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The Wall Street commentator praised Symantec interim CEO Rick Hill — who has been on the job for less than two months — for turning the narrative of the troubled cybersecurity firm into a takeover candidate and creating value for shareholders. He also called Broadcom CEO Hock Tan a "brilliant dealmaker" in his efforts to expand its offerings outside of hardware.
"Basically, [Tan's] trying to get a larger piece of the information-technology-spending pie," the "Mad Money" host said. "Symantec gives them a truly excellent security offering that they can sell alongside their chips, and I think it could be a potent combination."
On the other hand, Cramer called it an "odd deal" for Broadcom because it would mark the second software acquisition for the semiconductor giant, who counts Apple and Huawei among its major customers, in a short period of time. Broadcom paid almost $19 billion in cash for CA Technologies nearly a year ago.
Bundling Symantec with CA Technologies would reportedly make up about 37% of Broadcom's total revenue.
"We know that the CA takeover is doing better than they expected, in part, because CA shared a ton of large enterprise customers with Broadcom," Cramer said.
CNBC's David Faber said earlier Monday that the Symantec acquisition, which is under negotiations, could go for between $25 and $30 per share, Cramer noted. Symantec stock tumbled in early June below $18 in the wake of CEO Greg Clark's departure, but spiked 14% on the deal news last week. Shares closed the session at $25.61, up more than 35% this year.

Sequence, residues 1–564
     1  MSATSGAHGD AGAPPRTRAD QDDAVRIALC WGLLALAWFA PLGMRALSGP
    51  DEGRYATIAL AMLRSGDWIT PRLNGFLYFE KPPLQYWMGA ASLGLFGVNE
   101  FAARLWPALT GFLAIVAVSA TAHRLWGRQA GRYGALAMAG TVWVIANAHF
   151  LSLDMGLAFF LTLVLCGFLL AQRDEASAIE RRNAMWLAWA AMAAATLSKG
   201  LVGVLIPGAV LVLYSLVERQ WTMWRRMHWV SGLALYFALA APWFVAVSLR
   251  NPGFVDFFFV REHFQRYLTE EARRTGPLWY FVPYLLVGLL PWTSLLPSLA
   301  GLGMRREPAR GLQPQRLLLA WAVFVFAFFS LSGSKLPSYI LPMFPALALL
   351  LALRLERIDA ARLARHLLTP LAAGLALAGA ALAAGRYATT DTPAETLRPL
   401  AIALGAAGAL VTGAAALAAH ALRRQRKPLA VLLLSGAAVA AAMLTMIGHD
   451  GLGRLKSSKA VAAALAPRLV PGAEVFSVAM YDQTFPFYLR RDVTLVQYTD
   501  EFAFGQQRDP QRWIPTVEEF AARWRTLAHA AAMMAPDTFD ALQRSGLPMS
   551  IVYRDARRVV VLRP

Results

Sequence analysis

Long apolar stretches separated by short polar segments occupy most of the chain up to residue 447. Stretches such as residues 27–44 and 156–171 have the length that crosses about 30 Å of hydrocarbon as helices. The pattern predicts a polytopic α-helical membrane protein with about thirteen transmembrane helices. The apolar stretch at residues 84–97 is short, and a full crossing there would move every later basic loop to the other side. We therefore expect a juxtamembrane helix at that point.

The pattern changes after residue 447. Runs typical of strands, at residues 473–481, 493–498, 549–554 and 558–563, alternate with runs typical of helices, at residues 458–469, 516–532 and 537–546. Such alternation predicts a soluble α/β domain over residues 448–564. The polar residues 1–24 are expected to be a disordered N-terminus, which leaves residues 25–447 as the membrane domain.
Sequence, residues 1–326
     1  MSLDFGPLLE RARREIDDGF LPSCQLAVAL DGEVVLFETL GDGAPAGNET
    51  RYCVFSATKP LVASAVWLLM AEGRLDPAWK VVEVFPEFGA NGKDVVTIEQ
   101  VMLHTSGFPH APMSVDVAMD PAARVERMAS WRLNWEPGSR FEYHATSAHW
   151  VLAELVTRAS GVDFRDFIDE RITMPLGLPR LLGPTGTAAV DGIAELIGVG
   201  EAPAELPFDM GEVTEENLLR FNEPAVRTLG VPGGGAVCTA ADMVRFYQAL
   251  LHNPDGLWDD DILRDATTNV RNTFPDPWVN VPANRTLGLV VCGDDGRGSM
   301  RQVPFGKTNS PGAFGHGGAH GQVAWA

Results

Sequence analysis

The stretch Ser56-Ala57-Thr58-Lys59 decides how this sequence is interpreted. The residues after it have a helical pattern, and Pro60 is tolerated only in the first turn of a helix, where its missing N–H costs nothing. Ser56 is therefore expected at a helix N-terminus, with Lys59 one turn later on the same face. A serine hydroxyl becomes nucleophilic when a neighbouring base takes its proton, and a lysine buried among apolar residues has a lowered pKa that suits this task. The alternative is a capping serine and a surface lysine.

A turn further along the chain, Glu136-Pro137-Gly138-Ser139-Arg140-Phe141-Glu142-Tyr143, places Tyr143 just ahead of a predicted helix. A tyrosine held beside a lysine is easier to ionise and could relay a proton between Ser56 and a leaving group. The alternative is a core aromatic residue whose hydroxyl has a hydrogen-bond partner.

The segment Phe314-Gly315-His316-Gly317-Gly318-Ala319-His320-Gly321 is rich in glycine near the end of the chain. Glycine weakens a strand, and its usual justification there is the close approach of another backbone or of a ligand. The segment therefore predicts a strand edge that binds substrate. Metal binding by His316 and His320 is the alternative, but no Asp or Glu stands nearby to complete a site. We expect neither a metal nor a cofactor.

"We don't know how this thing's going to play out. We don't even know if the company will be sold, but you're already up huge since Hill took over, and that's pretty much par for the course with this guy," Cramer said.
The deal could face some headwinds if a rival bid for Symantec materializes. Days after news broke about the potential merger, Bloomberg reported that Clark is spearheading a competing offer with two buyout firms for the anitvirus provider.
Cramer said Hill, who serves as chairman of Marvell Technology, is a representation of "great management." As CEO of semiconductor equipment maker Novellus, Hill orchestrated a sale to Lam Research for $3.3 billion — a 28% premium.
"If Rick Hill can set off a bidding war, that would be the cherry on top," Cramer said. "Even if he only makes the Broadcom deal happen, I think that's enough to guarantee him a position in the 'Mad Money' hall of fame."
With talks to sell Symantec already underway, Cramer said it's too late to buy the stock.
"Once you know a deal is in the works, that's when the arbitrageurs step in. So, therefore the easy money's already been made," he said.
However, there's a case to own Broadcom here, he added.
"The bottom line? When you find a bankable chief executive who always seems to create value for their shareholders, stick with them," Cramer said.
Disclosure: Cramer's charitable trust owns shares of Apple, Lam Research, and Marvell Technology.